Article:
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Jones v. McFadden

February 8, 2010


The opinion of the court was delivered by: Gary S. Austin United States Magistrate Judge


Screening Order

I. Screening Requirement

Plaintiff Prince Jones, a former federal prisoner proceeding pro se and in forma pauperis, filed this civil rights action on July 27, 2009, pursuant to Bivens v. Six Unknown Named Agents of Federal Bureau of Narcotics, 403 U.S. 388, 91 S.Ct. 1999 (1971), which provides a remedy for violation of civil rights by federal actors.

The Court is required to screen complaints brought by prisoners seeking relief against a governmental entity or officer or employee of a governmental entity. 28 U.S.C. § 1915A(a). The Court must dismiss a complaint or portion thereof if the prisoner has raised claims that are legally "frivolous or malicious," that fail to state a claim upon which relief may be granted, or that seek monetary relief from a defendant who is immune from such relief. 28 U.S.C. § 1915A(b)(1),(2). "Notwithstanding any filing fee, or any portion thereof, that may have been paid, the court shall dismiss the case at any time if the court determines that . . . the action or appeal . . . fails to state a claim upon which relief may be granted." 28 U.S.C. § 1915(e)(2)(B)(ii).

A complaint must contain "a short and plain statement of the claim showing that the pleader is entitled to relief . . . ." Fed. R. Civ. P. 8(a)(2). Detailed factual allegations are not required, but "[t]hreadbare recitals of the elements of a cause of action, supported by mere conclusory statements, do not suffice." Ashcroft v. Iqbal, 129 S.Ct. 1937, 1949 (2009) (citing Bell Atlantic Corp. v. Twombly, 550 U.S. 544, 555, 127 S.Ct. 1955, 1964-65 (2007)). "[P]laintiffs [now] face a higher burden of pleadings facts . . ," Al-Kidd v. Ashcroft, 580 F.3d 949, 977 (9th Cir. 2009), and while a plaintiff's allegations are taken as true, courts "are not required to indulge unwarranted inferences," Doe I v. Wal-Mart Stores, Inc., 572 F.3d 677, 681 (9th Cir. 2009) (internal quotation marks and citation omitted).

To state a viable claim for relief, Plaintiff must set forth sufficient factual allegations sufficient to state a plausible claim for relief. Iqbal, 129 S.Ct. at 1949-50; Moss v. U.S. Secret Service, 572 F.3d 962, 969 (9th Cir. 2009). The mere possibility of misconduct falls short of meeting this plausibility standard. Id.

II. Plaintiff's Eighth Amendment Claim

Plaintiff alleges that his rights under the Eighth Amendment of the United States Constitution were violated in conjunction with an incident in which he was stabbed and injured on September 10, 2008, while housed at the United States Penitentiary in Atwater, California.*fn1 Plaintiff was stabbed by inmate Michael Plummer with a knife constructed from a type of metal that is not detected by the metal detectors in use at USP-Atwater. Plaintiff seeks to hold Western Regional Director Robert McFadden, Warden Dennis Smith, Associate Wardens Bell and Shinn, Captain Lothrop, and Lieutenants Cobb, Zeragosa, Shank, and Putman liable for acting with deliberate indifference toward a serious risk of harm to Plaintiff's safety, in violation of the Eighth Amendment.

Plaintiff's claim arises from Defendants' alleged knowledge that the metal detectors were unable to detect the type of metal used to construct the knife Plaintiff was stabbed with and their failure to rectify the problem despite knowing of its existence. Plaintiff further alleges that if Defendant Putman had followed proper protocol on September 10, 2008, inmate Plummer would not have had the opportunity to stab Plaintiff because he would have been detained along with the other inmates involved in the altercation that occurred prior to the stabbing of Plaintiff.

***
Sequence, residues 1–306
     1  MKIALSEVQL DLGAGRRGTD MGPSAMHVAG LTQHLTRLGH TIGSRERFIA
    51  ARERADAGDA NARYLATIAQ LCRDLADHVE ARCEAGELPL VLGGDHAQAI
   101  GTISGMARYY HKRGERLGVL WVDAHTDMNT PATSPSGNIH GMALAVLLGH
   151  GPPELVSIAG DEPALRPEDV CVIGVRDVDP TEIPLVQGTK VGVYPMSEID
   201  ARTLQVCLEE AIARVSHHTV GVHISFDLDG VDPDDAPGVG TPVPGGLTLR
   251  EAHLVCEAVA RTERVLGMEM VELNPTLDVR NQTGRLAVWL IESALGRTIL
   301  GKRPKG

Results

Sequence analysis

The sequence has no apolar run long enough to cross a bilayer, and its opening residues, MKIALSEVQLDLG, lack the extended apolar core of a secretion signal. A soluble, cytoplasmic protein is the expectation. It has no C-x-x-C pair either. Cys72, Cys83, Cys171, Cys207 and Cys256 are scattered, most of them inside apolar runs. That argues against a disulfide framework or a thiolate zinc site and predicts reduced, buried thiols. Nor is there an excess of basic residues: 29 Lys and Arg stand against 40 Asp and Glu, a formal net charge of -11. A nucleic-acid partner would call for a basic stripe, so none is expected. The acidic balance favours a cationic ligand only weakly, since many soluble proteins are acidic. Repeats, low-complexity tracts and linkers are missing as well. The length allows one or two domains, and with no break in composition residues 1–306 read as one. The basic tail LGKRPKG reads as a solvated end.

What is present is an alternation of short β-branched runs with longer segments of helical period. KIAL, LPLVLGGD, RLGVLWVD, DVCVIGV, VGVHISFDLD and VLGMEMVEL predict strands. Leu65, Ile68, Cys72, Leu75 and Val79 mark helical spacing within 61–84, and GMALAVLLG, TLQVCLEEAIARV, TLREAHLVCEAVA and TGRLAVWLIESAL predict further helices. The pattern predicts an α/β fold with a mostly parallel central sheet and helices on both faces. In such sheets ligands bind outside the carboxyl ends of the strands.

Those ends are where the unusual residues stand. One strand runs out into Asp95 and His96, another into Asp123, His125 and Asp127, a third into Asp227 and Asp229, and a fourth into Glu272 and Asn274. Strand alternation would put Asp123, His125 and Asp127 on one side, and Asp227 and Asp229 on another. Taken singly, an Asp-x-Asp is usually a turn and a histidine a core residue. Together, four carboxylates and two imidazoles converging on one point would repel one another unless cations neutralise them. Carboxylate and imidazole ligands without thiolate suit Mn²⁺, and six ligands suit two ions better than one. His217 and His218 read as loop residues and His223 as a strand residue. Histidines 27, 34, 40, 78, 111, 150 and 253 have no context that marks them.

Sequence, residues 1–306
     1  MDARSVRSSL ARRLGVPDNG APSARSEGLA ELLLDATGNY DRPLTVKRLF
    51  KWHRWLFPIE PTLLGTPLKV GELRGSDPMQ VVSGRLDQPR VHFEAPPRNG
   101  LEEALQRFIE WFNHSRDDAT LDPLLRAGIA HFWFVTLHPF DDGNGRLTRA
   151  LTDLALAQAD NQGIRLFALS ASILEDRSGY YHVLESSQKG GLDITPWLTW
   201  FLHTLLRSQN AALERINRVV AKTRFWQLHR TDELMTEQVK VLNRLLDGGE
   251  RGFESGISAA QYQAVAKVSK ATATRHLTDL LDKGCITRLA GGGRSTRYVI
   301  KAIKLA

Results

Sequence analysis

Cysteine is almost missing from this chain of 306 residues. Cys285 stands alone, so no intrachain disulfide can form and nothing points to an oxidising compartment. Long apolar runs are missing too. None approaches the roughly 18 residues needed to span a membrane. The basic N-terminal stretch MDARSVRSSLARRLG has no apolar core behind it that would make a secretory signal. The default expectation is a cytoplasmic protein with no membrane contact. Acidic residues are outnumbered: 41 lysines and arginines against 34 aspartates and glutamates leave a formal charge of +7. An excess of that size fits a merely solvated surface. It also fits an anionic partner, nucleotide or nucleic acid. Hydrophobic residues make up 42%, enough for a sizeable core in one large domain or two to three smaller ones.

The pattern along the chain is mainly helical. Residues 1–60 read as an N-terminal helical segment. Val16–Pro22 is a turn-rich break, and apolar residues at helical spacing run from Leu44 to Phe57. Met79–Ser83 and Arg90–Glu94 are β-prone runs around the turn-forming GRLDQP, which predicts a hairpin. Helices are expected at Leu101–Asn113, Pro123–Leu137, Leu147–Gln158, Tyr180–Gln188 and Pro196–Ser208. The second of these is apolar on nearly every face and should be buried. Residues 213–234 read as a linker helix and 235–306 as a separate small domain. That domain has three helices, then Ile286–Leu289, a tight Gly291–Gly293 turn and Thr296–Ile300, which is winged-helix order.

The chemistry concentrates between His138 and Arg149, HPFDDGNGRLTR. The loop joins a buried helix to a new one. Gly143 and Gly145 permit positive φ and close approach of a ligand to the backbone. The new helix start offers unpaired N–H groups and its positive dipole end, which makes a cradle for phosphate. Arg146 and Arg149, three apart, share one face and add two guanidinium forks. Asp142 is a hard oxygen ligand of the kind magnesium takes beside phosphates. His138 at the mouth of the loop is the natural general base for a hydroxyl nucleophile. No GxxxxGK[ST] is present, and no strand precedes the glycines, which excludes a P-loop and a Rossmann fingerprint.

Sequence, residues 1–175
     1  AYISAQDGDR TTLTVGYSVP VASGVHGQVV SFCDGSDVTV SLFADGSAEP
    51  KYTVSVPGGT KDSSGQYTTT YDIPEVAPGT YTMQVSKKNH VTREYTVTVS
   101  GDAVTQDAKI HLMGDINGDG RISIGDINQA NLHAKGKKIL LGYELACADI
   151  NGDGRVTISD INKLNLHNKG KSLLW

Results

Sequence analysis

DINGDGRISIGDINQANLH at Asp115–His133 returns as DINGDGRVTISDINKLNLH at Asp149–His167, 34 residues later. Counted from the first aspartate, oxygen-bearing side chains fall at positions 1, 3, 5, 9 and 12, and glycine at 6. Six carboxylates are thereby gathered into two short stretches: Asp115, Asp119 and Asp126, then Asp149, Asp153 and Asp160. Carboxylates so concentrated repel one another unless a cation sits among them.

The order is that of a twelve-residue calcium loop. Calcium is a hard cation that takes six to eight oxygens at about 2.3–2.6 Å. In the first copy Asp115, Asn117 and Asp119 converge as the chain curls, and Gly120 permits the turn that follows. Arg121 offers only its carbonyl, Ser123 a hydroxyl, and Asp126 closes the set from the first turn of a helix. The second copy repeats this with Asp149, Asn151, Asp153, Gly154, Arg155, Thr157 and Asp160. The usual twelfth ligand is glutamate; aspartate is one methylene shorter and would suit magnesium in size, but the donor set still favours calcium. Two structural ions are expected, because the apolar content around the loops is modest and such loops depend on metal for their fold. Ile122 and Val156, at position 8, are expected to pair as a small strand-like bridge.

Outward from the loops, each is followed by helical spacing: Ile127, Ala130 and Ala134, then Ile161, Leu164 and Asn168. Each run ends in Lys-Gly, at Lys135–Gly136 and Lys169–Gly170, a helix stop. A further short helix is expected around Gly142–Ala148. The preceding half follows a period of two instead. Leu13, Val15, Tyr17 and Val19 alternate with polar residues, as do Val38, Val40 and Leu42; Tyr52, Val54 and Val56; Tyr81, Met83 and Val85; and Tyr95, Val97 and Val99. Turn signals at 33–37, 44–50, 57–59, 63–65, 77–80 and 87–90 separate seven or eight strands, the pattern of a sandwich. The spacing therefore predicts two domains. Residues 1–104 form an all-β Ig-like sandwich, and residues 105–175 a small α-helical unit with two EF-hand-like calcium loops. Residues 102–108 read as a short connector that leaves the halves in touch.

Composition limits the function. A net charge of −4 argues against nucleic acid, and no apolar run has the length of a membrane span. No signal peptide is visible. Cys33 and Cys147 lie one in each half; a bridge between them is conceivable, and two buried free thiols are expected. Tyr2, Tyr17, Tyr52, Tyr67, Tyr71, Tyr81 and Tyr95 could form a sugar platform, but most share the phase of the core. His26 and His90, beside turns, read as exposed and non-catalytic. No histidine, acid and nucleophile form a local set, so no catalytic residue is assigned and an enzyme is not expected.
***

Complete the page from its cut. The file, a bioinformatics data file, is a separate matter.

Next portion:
The Eighth Amendment protects prisoners from inhumane methods of punishment and from inhumane conditions of confinement. Morgan v. Morgensen, 465 F.3d 1041, 1045 (9th Cir. 2006). Extreme deprivations are required to make out a conditions of confinement claim, and only those deprivations denying the minimal civilized measure of life's necessities are sufficiently grave to form the basis of an Eighth Amendment violation. Hudson v. McMillian, 503 U.S. 1, 9, 112 S.Ct. 995 (1992) (citations and quotations omitted). In order to state a claim for violation of the Eighth Amendment, the plaintiff must allege facts sufficient to support a claim that prison officials knew of and disregarded a substantial risk of serious harm to the plaintiff. E.g., Farmer v. Brennan, 511 U.S. 825, 847, 114 S.Ct. 1970 (1994); Frost v. Agnos, 152 F.3d 1124, 1128 (9th Cir. 1998).

While prison officials have a duty to protect inmates from harm at the hands of other inmates, neither negligence nor gross negligence, as alleged by Plaintiff, rises to the level of a constitutional violation. Hearns v. Terhune, 413 F.3d 1036, 1040 (9th Cir. 2005). Prison is an inherently dangerous environment and the incidents of violence within prisons amply illustrate that keeping an institution free of inmate weapons is an impossible undertaking, be they of metal or other material. Plaintiff's allegations do not support a claim that the metal detectors in place at USP-Atwater allowed such an objectively serious threat to exist that their continued usage provides the basis for an Eighth Amendment claim.

With respect to Defendant Putman, Plaintiff's allegations demonstrate that inmate Plummer was not suspected of being a threat or of being involved in the earlier altercation. The mere fact that Putman failed to follow a prison protocol does not support a claim for violation of the Eighth Amendment. There are no facts supporting a claim that Defendant Putman "[knew] of and disregard[ed] an excessive risk to [Plaintiff's] safety" Farmer, 511 U.S. at ...

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